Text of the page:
Upon walking into George Lopez's new Chingon Kitchen, you get a very Chipotle-like vibe, as there are employees standing behind a glass wall, asking what you'd like on your burritos before they begin to build it right in front of you. You slowly shuffle down the line, telling them to fill up the tortilla with carne asada, rice, beans, guacamole, and salsa. You already know the drill, as we've been trained well by build-your-own chains like Subway, Blaze Pizza, and of course, Chipotle.
"Chipotle would be proud... We try not to let them touch none of our shit," -George Lopez
While the ordering format at Chingon Kitchen might be similar to that of the popular pseudo-Mexican chain, that's where the similarities end, as George Lopez put together a quick service restaurant that's actually a Mexican grill.
Imagine that, a build-your-own burrito restaurant that indeed makes you feel like you're eating Mexican food.
As you stand in line, you can see tortillas being handmade from scratch, an inviting sign for "Homemade horchata," and if you peek at the back end of the kitchen you'll see a giant vertical spit where the al pastor meat is being grilled. Right next to it, a wood-fire grill with slabs of carne asada being prepared.
Everything is made in-house, fresh, and almost feels like your abuelita is in the kitchen.
Lopez made it a point to be directly involved with the menu, making sure the flavors met his standards. He took familiar sights and sounds from both Mexico and the streets of Los Angeles, bringing them to life inside the San Manuel Casino, in Highland, California.
"You won't see anything like that anywhere but a truck,"Lopez said, glossy-eyed as he stared down the al pastor. "I wanted al pastor like in the streets of Mexico. That's how we're going to do it."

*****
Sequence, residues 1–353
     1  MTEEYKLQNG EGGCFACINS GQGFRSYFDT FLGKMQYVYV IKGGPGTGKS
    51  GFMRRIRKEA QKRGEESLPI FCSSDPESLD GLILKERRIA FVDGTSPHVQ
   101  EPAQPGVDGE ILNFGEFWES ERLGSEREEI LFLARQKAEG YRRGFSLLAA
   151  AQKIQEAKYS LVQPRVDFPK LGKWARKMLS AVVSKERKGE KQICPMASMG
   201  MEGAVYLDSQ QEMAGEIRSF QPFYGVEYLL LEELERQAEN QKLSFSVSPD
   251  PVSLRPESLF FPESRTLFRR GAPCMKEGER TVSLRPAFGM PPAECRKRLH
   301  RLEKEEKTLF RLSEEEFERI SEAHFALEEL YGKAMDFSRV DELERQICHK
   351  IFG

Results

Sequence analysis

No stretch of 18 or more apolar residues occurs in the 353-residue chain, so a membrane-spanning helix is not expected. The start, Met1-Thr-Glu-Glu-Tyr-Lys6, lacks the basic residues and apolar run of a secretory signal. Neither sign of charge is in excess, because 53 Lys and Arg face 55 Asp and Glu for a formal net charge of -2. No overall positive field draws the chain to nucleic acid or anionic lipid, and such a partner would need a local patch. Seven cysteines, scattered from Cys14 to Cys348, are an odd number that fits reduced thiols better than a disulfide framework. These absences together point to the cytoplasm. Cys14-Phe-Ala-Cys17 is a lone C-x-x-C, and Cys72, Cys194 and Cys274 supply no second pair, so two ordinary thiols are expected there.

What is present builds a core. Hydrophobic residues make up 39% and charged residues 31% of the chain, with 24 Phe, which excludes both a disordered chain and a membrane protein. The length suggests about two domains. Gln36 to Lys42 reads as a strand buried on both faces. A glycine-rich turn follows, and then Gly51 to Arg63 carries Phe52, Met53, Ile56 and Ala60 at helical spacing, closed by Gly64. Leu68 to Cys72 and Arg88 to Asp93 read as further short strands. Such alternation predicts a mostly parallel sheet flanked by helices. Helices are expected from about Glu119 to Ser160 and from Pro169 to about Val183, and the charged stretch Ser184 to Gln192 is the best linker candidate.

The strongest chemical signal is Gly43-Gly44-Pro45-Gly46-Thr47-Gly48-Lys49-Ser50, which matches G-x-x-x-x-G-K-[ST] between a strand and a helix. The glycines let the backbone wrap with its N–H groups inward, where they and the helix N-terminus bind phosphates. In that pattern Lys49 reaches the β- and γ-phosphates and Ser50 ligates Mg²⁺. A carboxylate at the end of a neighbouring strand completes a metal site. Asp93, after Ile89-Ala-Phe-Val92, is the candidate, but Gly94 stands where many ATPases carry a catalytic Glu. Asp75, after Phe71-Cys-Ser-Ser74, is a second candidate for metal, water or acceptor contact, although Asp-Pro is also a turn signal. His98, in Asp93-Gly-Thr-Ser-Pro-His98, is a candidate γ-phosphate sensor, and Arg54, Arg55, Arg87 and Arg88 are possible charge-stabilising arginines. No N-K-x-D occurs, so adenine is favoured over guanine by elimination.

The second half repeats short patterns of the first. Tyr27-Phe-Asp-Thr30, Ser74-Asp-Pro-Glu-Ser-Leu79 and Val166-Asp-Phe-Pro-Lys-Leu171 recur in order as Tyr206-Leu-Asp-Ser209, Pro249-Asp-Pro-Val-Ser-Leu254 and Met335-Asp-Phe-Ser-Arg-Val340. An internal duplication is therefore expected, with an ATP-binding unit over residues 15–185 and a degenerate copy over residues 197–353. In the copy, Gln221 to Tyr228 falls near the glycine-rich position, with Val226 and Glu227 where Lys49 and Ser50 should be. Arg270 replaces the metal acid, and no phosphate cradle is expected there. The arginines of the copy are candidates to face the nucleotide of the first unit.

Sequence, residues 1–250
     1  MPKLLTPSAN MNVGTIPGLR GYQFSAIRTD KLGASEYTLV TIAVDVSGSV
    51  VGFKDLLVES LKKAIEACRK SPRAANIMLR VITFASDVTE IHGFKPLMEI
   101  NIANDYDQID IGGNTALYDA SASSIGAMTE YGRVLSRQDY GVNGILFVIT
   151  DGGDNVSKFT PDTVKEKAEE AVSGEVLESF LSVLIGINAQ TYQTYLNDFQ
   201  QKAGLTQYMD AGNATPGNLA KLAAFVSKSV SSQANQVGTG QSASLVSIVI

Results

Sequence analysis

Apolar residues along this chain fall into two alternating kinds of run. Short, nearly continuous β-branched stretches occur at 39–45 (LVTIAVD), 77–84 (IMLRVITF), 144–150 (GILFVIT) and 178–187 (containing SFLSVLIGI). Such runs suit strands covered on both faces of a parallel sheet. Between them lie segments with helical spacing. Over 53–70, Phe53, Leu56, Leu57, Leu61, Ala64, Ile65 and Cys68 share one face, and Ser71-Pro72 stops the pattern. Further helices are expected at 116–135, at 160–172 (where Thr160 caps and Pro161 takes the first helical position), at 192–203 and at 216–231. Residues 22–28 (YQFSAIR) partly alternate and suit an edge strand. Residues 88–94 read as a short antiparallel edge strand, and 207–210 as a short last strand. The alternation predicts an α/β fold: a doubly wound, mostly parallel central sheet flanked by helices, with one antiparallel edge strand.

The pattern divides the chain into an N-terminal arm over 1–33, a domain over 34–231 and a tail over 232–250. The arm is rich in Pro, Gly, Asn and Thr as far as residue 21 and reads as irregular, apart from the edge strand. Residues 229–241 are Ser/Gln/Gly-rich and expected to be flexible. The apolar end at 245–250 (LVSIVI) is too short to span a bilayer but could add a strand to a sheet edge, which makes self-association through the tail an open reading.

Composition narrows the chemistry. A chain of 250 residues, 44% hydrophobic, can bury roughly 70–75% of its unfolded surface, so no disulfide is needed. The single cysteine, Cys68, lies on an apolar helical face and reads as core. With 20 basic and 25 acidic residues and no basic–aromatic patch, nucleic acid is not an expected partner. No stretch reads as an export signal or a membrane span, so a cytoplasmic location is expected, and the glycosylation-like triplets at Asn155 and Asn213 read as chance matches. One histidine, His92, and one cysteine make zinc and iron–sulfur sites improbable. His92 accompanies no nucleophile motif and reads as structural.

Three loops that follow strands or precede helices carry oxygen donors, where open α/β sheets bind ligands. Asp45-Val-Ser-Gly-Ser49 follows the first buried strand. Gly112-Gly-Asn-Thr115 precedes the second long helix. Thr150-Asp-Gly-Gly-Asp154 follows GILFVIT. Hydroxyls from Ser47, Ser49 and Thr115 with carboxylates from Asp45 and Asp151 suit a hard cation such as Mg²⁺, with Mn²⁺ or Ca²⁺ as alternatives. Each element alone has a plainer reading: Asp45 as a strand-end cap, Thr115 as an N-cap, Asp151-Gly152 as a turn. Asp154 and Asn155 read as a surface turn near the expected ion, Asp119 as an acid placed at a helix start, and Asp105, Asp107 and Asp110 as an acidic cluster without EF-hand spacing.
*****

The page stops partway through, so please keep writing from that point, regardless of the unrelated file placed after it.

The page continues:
Lopez boasted about the importance of his food having authentic Mexican flavors, and that just may be the chip he can play to eventually compete with the likes of Chipotle.
"The most important thing I wanted to stress was that the food look authentic, that it taste authentic, and it would enhance the vision of Mexican food," Lopez said. "It would have people embrace the concept of eating something they might not be familiar with."
Yes, this is just one restaurant, inside a casino that's about 50 miles east of Los Angeles, but the potential of growth and expansion should excite fans of both Lopez and good Mexican food.
Lopez told Foodbeast that he is absolutely thinking about expanding Chingon Kitchen, and that should scare competitors, because the man has not only built a core fanbase in the Mexican community to rally around him, but actually has good food as the restaurant's foundation. Make no mistake, this is not your typical gimmicky celebrity restaurant.
"I see them [being] in casinos," Lopez asserted. "I also see them in airports. Felipe Esparza (fellow comedian) was at the airport, like, 'Hey, put one in terminal 1 at LAX.'"